Survivalism & Self Sufficiency Topics > Primitive Skills & Earth Skills

Why are some knots better than others? MIT researchers investigate

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Mr. Bill:
Primitive skills, meet computer modeling. 8)

MIT press release, 1/2/20: How strong is your knot?


--- Quote ---In sailing, rock climbing, construction, and any activity requiring the securing of ropes, certain knots are known to be stronger than others. Any seasoned sailor knows, for instance, that one type of knot will secure a sheet to a headsail, while another is better for hitching a boat to a piling.

But what exactly makes one knot more stable than another has not been well-understood, until now.

MIT mathematicians and engineers have developed a mathematical model that predicts how stable a knot is, based on several key properties, including the number of crossings involved and the direction in which the rope segments twist as the knot is pulled tight.

“These subtle differences between knots critically determine whether a knot is strong or not,” says Jörn Dunkel, associate professor of mathematics at MIT. “With this model, you should be able to look at two knots that are almost identical, and be able to say which is the better one.”

“Empirical knowledge refined over centuries has crystallized out what the best knots are,” adds Mathias Kolle, the Rockwell International Career Development Associate Professor at MIT. “And now the model shows why.”...
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Science, 1/3/20: Topological mechanics of knots and tangles


--- Quote ---Knots play a fundamental role in the dynamics of biological and physical systems, from DNA to turbulent plasmas, as well as in climbing, weaving, sailing, and surgery. Despite having been studied for centuries, the subtle interplay between topology and mechanics in elastic knots remains poorly understood. Here, we combined optomechanical experiments with theory and simulations to analyze knotted fibers that change their color under mechanical deformations. Exploiting an analogy with long-range ferromagnetic spin systems, we identified simple topological counting rules to predict the relative mechanical stability of knots and tangles, in agreement with simulations and experiments for commonly used climbing and sailing bends. Our results highlight the importance of twist and writhe in unknotting processes, providing guidance for the control of systems with complex entanglements.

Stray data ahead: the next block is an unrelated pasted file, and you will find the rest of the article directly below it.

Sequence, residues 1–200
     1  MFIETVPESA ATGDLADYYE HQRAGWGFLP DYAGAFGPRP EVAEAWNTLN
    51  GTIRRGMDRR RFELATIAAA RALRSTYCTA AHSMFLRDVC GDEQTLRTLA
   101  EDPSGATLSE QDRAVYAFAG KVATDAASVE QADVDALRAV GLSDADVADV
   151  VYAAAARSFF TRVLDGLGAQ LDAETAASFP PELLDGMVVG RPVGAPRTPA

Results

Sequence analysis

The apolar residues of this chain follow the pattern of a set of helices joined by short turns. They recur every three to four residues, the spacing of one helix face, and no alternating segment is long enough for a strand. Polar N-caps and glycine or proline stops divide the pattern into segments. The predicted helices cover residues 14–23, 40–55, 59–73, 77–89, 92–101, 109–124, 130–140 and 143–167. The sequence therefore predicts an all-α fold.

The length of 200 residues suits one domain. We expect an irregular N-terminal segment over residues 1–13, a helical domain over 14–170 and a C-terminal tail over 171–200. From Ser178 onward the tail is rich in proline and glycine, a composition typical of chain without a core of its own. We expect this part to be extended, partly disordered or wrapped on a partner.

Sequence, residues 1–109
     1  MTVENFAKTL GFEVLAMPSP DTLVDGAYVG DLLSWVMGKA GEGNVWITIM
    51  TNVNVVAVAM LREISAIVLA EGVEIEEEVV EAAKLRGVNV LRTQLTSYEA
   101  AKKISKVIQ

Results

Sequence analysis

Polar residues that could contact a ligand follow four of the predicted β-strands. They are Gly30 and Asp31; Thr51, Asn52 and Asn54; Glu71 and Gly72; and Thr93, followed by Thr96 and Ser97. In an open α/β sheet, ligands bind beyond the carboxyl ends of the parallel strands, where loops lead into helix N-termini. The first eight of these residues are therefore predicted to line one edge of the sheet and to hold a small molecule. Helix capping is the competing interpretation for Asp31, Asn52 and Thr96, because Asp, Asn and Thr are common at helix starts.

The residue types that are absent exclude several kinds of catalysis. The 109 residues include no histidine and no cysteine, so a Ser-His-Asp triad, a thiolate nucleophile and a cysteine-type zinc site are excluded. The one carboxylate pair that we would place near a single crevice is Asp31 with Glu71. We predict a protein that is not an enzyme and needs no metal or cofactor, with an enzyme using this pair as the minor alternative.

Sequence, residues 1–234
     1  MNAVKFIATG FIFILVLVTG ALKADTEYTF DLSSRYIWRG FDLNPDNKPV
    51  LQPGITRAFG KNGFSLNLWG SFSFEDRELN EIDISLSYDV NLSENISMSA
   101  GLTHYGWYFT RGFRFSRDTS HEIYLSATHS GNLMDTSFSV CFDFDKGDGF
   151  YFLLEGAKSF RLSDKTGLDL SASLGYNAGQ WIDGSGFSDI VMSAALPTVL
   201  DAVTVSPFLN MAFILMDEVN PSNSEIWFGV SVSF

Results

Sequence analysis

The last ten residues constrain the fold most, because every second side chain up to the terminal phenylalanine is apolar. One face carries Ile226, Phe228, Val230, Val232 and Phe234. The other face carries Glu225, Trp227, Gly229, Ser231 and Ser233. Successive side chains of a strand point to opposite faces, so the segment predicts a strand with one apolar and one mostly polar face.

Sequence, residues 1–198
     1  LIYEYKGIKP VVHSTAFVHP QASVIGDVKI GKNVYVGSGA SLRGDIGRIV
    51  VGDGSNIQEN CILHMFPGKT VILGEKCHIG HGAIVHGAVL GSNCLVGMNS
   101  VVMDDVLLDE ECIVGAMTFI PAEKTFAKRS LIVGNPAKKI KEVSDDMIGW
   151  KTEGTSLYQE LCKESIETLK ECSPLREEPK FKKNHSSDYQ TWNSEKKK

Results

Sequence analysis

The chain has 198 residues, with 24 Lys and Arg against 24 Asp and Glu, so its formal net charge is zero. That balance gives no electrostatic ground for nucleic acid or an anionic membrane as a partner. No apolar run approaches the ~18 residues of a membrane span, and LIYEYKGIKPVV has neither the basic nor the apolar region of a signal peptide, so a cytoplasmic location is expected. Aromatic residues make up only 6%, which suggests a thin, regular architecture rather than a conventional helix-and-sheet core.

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Paywall for viewing full article.  But your local library may have it for free:
Science 03 Jan 2020: Vol. 367, Issue 6473, pp. 71-75

David in MN:
Rope and knots are a very vital human skill. It's funny as I have in my 30s become "nautical" and have had to learn a new knot skill set. My childhood was awash in timber hitches for moving felled trees and as a teen I was an avid climber so a figure 8 follow-through was like second nature. It's really cool to be on board and know your rope work from logging to climbing to boating.

To say this is a necessary skill is an understatement. We, as humans, "tie off" at both the top and bottom of the world. From the deep sea to the highest peaks...

Redman:
Here is a book I think is excellent on the skill of knot tying and other rope work. I have 2 copies, 1 bought in the middle 70's that I no longer open, the other hmm, bought maybe 5 years ago.

https://www.amazon.com/Encyclopedia-Knots-Fancy-Rope-Work/dp/0870330217

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